Be cautious yet aggressive, if and when you join the rising ranks of dealers buying or selling stores.

That's the advice from Gary L. Ellsworth, 48, of the Henry & Horne accounting firm in Mesa, AZ, an AutoCPA Group member which numbers 80 dealer clients in western states.

He says, "Like a child, once a potential deal is 'born,' your life will never be quite the same - It will hopefully produce more rewards than challenges."

Mr. Ellsworth urges that the bottom line of price be determined on calculated future values reflecting current borrowing rates as a guide to loan durations, the cost of taxes, and cash flows.

"The projected cash balances," he stresses, "will tell you if the price is realistic. But test the projections by cutting revenues and margins and/or raising expenses. Be realistic."

Mr. Ellsworth also recommends the following:

* "Before the process starts, make sure your real motives are identified and openly evaluated. Rule out non- economic motives (ego, anxiety over competitors, etc.) when considering a buy/sell."

* Get experienced help from advisors who have been through the process before. "Their assistance will help the dealer stay focused on the business while the buy/sell negotiations are moving forward."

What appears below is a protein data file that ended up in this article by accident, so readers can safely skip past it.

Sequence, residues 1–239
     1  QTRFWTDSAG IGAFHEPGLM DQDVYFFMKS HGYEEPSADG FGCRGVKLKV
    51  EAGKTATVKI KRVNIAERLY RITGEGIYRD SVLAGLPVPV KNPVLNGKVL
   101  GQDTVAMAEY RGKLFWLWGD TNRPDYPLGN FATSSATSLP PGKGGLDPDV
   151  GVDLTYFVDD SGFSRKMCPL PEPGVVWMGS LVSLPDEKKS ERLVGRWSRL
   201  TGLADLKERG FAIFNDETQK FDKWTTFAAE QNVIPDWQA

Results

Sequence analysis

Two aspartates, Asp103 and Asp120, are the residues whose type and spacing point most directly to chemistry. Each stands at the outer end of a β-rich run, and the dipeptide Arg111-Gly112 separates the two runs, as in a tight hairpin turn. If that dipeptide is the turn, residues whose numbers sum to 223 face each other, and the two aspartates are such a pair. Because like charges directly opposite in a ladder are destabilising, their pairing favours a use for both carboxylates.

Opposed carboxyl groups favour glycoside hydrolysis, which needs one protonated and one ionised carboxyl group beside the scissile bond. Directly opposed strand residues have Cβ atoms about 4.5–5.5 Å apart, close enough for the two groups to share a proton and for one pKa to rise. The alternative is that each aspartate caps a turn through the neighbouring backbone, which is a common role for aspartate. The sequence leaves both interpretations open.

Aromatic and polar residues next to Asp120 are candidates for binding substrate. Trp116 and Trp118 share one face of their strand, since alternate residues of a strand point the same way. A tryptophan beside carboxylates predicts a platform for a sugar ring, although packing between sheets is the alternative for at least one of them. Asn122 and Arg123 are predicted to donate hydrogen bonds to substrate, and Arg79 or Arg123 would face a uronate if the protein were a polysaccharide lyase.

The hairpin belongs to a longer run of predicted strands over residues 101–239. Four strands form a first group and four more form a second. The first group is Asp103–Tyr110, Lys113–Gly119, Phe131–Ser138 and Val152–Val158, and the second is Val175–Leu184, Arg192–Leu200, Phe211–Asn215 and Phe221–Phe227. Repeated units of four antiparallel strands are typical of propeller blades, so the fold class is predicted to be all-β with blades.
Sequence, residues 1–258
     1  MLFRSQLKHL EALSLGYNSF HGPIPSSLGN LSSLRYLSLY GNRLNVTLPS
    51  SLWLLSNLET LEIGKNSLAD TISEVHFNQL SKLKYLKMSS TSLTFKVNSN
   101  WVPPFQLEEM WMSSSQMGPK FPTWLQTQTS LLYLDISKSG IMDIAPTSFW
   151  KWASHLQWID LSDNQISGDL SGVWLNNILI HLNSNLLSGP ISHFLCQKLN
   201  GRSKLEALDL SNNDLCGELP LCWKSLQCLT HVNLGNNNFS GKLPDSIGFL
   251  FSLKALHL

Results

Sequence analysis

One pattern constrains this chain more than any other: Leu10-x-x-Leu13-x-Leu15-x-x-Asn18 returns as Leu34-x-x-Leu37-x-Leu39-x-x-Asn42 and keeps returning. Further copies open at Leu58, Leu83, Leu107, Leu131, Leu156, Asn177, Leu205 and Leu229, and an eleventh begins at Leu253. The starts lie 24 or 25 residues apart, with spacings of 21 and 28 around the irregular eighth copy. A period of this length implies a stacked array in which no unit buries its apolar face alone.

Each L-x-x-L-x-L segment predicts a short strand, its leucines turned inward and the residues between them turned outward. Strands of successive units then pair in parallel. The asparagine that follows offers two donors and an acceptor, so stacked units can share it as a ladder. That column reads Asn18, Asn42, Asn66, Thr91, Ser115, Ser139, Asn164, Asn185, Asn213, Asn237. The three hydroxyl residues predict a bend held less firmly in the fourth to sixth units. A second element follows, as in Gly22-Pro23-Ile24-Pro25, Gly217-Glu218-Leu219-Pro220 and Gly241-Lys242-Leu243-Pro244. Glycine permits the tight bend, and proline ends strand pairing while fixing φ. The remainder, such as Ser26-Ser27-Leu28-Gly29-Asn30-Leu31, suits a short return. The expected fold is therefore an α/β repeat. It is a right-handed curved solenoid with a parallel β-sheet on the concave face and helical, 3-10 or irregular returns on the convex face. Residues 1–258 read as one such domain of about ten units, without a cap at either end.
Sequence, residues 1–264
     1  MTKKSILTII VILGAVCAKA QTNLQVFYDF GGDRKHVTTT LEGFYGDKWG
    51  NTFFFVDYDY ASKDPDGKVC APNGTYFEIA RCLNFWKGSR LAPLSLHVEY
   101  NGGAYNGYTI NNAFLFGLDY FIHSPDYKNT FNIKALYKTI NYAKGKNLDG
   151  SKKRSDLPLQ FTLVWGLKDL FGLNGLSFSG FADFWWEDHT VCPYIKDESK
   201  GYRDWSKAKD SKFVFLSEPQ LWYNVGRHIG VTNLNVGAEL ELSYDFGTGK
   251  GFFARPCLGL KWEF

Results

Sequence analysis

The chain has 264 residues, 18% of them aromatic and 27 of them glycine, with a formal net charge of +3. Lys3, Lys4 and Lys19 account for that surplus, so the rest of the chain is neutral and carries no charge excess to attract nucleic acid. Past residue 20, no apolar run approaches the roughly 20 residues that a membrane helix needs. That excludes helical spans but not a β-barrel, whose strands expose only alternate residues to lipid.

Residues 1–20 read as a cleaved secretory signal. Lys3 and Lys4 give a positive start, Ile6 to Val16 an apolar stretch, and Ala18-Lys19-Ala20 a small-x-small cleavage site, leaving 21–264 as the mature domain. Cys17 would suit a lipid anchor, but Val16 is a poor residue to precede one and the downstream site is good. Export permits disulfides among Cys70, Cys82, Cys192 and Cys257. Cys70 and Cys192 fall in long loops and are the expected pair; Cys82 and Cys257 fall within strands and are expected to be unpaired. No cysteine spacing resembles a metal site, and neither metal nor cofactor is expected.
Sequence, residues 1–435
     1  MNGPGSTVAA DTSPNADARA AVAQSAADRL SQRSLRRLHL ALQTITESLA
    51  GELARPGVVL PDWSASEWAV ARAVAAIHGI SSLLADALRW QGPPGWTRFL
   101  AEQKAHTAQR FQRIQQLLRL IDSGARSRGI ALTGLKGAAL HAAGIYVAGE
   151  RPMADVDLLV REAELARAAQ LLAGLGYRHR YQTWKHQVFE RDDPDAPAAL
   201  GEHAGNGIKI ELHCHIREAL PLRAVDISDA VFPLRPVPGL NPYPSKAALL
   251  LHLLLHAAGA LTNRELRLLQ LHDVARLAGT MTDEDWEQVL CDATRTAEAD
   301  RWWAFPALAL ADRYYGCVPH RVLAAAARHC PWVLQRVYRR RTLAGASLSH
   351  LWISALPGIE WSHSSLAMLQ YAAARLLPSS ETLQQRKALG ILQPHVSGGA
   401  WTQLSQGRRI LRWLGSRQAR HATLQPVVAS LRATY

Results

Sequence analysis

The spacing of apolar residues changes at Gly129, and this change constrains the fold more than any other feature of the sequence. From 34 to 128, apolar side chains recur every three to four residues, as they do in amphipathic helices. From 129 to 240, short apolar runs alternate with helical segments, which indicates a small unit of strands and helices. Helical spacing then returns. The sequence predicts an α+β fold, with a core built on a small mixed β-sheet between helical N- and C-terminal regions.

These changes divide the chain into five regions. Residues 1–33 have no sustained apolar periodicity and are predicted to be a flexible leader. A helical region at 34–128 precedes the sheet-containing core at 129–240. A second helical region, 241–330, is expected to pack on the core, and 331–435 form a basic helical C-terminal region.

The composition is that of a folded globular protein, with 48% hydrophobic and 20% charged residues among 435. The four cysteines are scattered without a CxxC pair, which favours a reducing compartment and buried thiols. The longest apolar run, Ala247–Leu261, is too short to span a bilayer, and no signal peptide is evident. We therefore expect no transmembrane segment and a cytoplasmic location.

* Keep the process moving. "More often than not, delays boost costs and frustrations, and raise the possibility of the transactions being called off.

* Don't ignore the factories. "Good, bad or indifferent, the factories have impact on the transaction. Never forget that. They can affect everything you may do. So research all you can about the involved automakers and how they may react."

* Carefully study every line of the documents yourself. Whether your lawyer or the other guy's lawyer writes them, "make sure they reflect your understanding of the deal. If anything is unclear or ambiguous, demand a language change. Vagueness leads to lawsuits."

* Keep the transaction "simple and straightforward."

Mr. Ellsworth developed his list of buy/sell guidelines during the wave of recent dealership purchase transactions.

He says consolidator payments for dealerships "have often raised values and prices unrealistically on the basis of inflated stock prices." He says they often fail to factor in declining market values down the road or takeaways suddenly introduced by automakers."